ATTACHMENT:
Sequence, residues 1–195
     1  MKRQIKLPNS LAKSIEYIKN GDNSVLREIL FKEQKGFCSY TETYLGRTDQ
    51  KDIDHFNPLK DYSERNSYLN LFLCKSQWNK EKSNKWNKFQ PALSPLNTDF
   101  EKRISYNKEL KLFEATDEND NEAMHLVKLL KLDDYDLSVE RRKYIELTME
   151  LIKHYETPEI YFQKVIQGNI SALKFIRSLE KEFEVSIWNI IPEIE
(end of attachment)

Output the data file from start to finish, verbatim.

Sequence, residues 1–195
     1  MKRQIKLPNS LAKSIEYIKN GDNSVLREIL FKEQKGFCSY TETYLGRTDQ
    51  KDIDHFNPLK DYSERNSYLN LFLCKSQWNK EKSNKWNKFQ PALSPLNTDF
   101  EKRISYNKEL KLFEATDEND NEAMHLVKLL KLDDYDLSVE RRKYIELTME
   151  LIKHYETPEI YFQKVIQGNI SALKFIRSLE KEFEVSIWNI IPEIE